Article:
Prestige

In highly formal traditional contexts, a fair command of Kaili (especially a "good Ledo") is regarded important. Usually good knowledge of Indonesian is considered much more advantageous, since it is more relevant for school and career. Yet, Kaili is still an important cultural asset, but one that is worthless outside the region.

Endangerment

Having a six-figure number of speakers, Kaili does at first glance not appear to be heavily endangered. Yet, the trend of the last 60, especially the last 20 years,[as of?] shows that Kaili will not be able to withstand the pressure of Indonesian in the long run. Kaili itself, on the other hand, has been an important lingua franca in the area for centuries and thus exerted pressure on smaller local idioms itself. Its importance as a lingua franca is diminishing; Indonesian is taking over its place.

Bibliography

Internet

Additional source: Interviews with three (bilingual) speakers of Ledo; in Jakarta (March/April 2001) and via icq chat (April through August 2001).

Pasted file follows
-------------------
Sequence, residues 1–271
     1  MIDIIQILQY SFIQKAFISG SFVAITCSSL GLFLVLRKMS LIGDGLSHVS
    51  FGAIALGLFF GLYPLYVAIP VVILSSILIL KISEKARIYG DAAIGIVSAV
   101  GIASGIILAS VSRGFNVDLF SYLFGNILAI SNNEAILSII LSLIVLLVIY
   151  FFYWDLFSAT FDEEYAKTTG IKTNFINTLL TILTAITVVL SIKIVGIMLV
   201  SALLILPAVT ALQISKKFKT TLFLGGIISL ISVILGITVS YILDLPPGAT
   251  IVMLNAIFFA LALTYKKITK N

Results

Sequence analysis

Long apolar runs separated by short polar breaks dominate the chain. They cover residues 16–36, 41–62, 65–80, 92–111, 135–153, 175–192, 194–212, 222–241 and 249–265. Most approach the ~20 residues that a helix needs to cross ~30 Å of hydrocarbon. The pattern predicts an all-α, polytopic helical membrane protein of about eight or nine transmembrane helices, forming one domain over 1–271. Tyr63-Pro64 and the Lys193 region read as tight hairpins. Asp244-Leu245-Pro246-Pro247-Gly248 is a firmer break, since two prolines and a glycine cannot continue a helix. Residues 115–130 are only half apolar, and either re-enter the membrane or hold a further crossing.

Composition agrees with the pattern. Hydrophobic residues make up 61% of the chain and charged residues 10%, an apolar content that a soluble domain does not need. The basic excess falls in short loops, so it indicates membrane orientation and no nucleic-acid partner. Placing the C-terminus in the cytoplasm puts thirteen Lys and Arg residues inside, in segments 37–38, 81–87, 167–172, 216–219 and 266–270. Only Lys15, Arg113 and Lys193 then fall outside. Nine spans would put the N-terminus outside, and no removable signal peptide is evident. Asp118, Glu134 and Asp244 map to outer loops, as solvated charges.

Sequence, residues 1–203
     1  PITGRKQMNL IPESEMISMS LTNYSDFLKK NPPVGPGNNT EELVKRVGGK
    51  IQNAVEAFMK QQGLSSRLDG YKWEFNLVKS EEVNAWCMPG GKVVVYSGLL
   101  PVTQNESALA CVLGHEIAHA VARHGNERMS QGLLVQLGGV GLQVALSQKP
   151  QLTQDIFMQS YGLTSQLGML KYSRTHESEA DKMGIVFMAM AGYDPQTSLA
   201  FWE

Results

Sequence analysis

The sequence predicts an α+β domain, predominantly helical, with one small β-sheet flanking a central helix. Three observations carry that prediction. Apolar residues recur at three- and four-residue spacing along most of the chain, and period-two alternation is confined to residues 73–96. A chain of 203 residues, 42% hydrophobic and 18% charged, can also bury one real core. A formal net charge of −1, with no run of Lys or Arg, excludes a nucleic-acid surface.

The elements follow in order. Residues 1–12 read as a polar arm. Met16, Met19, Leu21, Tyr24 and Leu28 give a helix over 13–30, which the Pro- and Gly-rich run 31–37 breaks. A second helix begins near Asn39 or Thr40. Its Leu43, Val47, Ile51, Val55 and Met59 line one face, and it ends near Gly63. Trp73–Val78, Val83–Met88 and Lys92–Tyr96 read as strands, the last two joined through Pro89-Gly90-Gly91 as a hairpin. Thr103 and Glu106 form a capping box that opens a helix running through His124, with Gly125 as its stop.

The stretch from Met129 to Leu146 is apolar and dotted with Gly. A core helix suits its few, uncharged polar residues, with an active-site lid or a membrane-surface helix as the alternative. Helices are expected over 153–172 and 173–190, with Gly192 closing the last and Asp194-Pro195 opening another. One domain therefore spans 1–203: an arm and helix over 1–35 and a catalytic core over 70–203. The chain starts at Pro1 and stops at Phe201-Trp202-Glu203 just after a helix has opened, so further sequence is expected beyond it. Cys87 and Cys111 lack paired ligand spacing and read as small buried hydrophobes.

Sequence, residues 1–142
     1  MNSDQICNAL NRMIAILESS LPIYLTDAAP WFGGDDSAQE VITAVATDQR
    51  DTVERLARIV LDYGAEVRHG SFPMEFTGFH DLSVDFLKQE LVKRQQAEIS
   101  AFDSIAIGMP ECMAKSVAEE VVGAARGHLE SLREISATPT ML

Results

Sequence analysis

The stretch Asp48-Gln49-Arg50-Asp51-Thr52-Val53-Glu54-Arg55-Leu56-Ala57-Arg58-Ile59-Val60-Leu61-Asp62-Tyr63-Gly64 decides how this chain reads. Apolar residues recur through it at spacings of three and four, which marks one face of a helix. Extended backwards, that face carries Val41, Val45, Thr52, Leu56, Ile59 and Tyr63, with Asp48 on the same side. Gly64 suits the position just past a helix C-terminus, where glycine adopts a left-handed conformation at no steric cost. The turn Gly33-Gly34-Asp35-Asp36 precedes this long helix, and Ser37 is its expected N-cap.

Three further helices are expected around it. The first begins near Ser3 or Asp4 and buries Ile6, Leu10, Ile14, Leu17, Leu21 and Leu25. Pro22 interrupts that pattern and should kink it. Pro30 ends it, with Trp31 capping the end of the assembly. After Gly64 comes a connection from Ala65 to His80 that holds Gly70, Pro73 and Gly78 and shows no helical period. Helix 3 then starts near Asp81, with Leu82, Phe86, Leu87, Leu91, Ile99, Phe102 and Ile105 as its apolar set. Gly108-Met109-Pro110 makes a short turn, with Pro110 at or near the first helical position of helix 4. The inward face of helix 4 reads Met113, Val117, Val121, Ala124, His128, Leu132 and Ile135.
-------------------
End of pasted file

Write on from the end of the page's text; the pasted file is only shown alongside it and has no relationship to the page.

Notes

In general, the abbreviations and conventions suggested by the Leipzig Rules for Interlinear Morpheme-by-Morpheme Glosses were used.[4] In addition to that, the following abbreviations were used:

AFF: affirmative PM: person marker; special DEM before person names REA: realis REQ: requestive SRC: source VBLZR: verbalizer

References

  1. ^ Ledo Kaili at Ethnologue (18th ed., 2015) (subscription required)
  2. ^ Glottopedia article on Ledo Kaili language.
  3. ^ Zobel, Erik (2020). "The Kaili–Wolio Branch of the Celebic Languages". Oceanic Linguistics. 59 (1/2). University of Hawai'i Press: 297–346. doi:10.1353/ol.2020.0014. S2CID 235064564.
  4. ^ "Dept. of Linguistics | Resources | Glossing Rules". 2011-05-14. Archived from the original on 2011-05-14. Retrieved 2021-07-06.